spampd works by forking child servers to handle each message. The maxrequests parameter specifies how many requests will be handled before the child exits. Since a child never gives back memory, a large message can cause it to become quite bloated; the only way to reclaim the memory is for the child to exit. The default is 20.


This is the number of seconds to allow each child server before it times out a transaction. In an S/LMTP transaction the timer is reset for every command.  This timeout includes time it would take to send the message data, so it should  not be too short.  Note that it's more likely the origination or destination mail servers will timeout first, which is fine.  This is just a "sane" failsafe. Default is 360 seconds (6 minutes).


This is the number of seconds to allow for processing a message with SpamAssassin (including feeding it the message, analyzing it, and adding  the headers/report if necessary).   This should be less than your origination and destination servers' timeout  settings for the DATA command. For Postfix the default is 300 seconds in both cases (smtp_data_done_timeout and smtpd_timeout). In the event of timeout while processing the message, the problem is logged and the message is passed on anyway (w/out spam tagging, obviously).  To fail the message with a temp 450 error, see the --dose (die-on-sa-errors) option, below. Default is 285 seconds.

--pid=filename or --p=filename

Specifies a filename where spampd will write its process ID so that it is easy to kill it later. The directory that will contain this file must be writable by the spampd user. The default is /var/run/

--logsock=unix or inet "(new in v2.20)"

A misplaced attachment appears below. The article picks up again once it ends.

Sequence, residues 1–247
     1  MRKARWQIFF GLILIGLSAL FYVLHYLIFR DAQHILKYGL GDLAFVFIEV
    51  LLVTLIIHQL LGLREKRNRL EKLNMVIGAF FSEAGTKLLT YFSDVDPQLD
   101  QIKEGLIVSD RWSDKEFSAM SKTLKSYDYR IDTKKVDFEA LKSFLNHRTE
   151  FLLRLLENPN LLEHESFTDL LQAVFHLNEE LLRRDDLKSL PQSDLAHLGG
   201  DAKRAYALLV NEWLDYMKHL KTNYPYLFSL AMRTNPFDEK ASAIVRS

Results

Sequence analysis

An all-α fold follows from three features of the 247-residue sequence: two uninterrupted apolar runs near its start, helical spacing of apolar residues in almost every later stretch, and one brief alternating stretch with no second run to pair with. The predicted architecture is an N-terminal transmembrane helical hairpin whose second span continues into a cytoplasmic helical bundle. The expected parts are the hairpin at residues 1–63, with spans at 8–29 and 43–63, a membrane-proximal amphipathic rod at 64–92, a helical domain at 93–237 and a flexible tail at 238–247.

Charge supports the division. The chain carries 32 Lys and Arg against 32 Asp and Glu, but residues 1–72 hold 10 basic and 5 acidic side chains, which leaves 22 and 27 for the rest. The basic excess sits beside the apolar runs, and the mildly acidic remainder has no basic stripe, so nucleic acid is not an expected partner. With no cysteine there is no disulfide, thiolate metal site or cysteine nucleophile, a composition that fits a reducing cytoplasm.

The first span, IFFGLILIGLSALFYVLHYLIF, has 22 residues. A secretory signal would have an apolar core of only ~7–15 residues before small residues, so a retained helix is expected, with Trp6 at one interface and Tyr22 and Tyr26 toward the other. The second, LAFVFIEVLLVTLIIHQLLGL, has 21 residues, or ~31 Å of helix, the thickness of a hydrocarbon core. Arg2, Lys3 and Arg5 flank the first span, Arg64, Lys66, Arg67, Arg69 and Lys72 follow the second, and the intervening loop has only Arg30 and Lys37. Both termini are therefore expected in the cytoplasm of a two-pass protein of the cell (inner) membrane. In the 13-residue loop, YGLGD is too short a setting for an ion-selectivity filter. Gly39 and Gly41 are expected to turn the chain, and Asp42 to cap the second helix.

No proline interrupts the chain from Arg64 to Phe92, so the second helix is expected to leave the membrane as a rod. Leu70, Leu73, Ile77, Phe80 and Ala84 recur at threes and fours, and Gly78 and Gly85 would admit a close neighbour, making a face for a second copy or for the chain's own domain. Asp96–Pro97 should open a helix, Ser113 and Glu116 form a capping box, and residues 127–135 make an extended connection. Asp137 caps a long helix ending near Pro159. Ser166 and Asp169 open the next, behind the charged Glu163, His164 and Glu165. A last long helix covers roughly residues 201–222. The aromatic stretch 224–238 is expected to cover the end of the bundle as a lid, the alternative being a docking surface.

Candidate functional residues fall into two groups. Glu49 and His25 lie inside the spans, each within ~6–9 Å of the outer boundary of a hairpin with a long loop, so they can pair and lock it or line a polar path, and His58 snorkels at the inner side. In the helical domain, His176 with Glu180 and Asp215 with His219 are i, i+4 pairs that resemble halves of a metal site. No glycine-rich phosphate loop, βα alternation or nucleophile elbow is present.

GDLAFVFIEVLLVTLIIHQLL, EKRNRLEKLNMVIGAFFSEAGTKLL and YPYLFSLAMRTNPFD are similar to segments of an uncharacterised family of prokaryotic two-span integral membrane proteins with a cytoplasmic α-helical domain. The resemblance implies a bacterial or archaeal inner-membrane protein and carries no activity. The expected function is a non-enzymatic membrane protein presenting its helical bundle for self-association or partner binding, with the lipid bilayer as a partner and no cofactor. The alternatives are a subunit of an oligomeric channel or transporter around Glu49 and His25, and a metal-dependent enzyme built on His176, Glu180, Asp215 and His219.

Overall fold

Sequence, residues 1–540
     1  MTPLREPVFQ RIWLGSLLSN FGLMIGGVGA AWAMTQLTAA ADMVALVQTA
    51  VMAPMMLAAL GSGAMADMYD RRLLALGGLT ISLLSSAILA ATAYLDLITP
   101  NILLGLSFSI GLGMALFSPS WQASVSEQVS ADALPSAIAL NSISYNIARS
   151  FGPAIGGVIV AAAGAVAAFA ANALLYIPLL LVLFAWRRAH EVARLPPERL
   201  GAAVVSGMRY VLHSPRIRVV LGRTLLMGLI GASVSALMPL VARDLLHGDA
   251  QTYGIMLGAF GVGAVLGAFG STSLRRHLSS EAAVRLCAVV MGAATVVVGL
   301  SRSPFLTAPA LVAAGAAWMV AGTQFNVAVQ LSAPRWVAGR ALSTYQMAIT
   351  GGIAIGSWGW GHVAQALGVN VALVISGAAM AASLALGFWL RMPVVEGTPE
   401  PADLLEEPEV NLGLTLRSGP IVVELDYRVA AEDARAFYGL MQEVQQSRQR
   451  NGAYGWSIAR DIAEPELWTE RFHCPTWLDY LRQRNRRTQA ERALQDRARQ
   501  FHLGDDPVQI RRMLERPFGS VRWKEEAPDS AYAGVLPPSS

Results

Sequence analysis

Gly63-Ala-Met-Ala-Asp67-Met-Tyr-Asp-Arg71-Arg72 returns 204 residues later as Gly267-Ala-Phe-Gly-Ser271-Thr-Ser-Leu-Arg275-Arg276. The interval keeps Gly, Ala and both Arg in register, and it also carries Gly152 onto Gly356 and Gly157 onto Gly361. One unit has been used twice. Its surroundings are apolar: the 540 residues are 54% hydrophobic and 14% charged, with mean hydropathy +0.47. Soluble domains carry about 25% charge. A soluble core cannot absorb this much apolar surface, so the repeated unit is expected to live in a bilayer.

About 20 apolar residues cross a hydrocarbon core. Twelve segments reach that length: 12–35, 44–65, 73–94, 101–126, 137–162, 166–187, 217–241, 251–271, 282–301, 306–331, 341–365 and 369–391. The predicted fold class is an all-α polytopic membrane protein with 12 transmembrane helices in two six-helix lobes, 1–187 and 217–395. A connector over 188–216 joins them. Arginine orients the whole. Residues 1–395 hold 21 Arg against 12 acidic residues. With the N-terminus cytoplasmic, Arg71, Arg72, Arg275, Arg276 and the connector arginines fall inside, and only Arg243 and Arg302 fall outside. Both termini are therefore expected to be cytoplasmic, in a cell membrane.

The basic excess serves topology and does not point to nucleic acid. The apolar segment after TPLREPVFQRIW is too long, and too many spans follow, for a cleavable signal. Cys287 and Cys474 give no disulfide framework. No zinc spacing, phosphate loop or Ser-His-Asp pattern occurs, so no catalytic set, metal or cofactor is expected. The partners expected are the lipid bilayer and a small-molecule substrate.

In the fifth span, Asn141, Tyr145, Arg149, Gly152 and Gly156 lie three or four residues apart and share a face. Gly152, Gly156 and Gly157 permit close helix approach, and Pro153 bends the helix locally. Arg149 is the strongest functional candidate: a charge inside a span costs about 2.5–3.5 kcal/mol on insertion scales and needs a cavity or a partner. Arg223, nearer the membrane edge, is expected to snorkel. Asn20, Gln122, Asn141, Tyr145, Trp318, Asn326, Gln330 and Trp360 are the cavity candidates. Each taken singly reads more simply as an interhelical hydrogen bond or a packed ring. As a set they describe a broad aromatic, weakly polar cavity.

Syslog socket to use.  May be either "unix" of "inet".  Default is "unix" except on HP-UX and SunOS (Solaris) systems which seem to prefer "inet".

--nodetach "(new in v2.20)"

If this option is given spampd won't detach from the console and fork into the background. This can be useful for running under control of some daemon management tools or when configured as a win32 service under cygrunsrv's control.


The maximum message size to send to SpamAssassin, in KBytes. By default messages over 64KB are not scanned at all, and an appropriate message is logged indicating this.  The size includes headers and attachments (if any).


Acronym for (d)ie (o)n (s)pamAssassin (e)rrors.  By default if spampd encounters a problem with processing the message through Spam Assassin (timeout  or other error), it will still pass the mail on to the destination server.  If  you specify this option however, the mail is instead rejected with a temporary  error (code 450, which means the origination server should keep retrying to send  it).  See the related --satimeout option, above.

--tagall or --a

Tells spampd to have SpamAssassin add headers to all scanned mail, not just spam.  By default spampd will only rewrite messages which  exceed the spam threshold score (as defined in the SA settings).  Note that for this option to work as of SA-2.50, the always_add_report and/or  always_add_headers settings in your SpamAssassin need to be  set to 1/true.

--log-rules-hit or --rh

Logs the names of each SpamAssassin rule which matched the message being  processed.  This list is returned by SA.

--set-envelope-headers or --seh "(new in v2.30)"

Turns on addition of X-Envelope-To and X-Envelope-From headers to the mail being scanned before it is passed to SpamAssassin. The idea is to help SA  process any blacklist/whitelist to/from directives on the actual  sender/recipients instead of the possibly bogus envelope headers. This  potentially exposes the list of all recipients of that mail (even BCC'ed ones).  Therefore usage of this option is discouraged.

NOTE: Even though spampd tries to prevent this leakage by removing the X-Envelope-To header after scanning, SpamAssassin itself might add headers itself which report one or more of the recipients which had been listed in this header.

--set-envelope-from or --sef "(new in v2.30)"